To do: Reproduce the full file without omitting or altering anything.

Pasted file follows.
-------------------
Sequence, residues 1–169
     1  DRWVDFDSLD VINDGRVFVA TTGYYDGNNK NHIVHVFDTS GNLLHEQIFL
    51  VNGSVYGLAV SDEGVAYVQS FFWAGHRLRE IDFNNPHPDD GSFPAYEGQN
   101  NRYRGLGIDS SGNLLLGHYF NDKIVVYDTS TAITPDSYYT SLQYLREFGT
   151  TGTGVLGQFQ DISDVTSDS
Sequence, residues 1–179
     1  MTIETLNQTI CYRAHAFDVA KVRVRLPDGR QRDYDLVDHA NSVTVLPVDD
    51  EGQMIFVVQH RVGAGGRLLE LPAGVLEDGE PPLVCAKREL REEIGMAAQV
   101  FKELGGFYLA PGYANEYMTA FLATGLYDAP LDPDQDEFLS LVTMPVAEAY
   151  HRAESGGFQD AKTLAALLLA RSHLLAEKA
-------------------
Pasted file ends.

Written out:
Sequence, residues 1–169
     1  DRWVDFDSLD VINDGRVFVA TTGYYDGNNK NHIVHVFDTS GNLLHEQIFL
    51  VNGSVYGLAV SDEGVAYVQS FFWAGHRLRE IDFNNPHPDD GSFPAYEGQN
   101  NRYRGLGIDS SGNLLLGHYF NDKIVVYDTS TAITPDSYYT SLQYLREFGT
   151  TGTGVLGQFQ DISDVTSDS
Sequence, residues 1–179
     1  MTIETLNQTI CYRAHAFDVA KVRVRLPDGR QRDYDLVDHA NSVTVLPVDD
    51  EGQMIFVVQH RVGAGGRLLE LPAGVLEDGE PPLVCAKREL REEIGMAAQV
   101  FKELGGFYLA PGYANEYMTA FLATGLYDAP LDPDQDEFLS LVTMPVAEAY
   151  HRAESGGFQD AKTLAALLLA RSHLLAEKA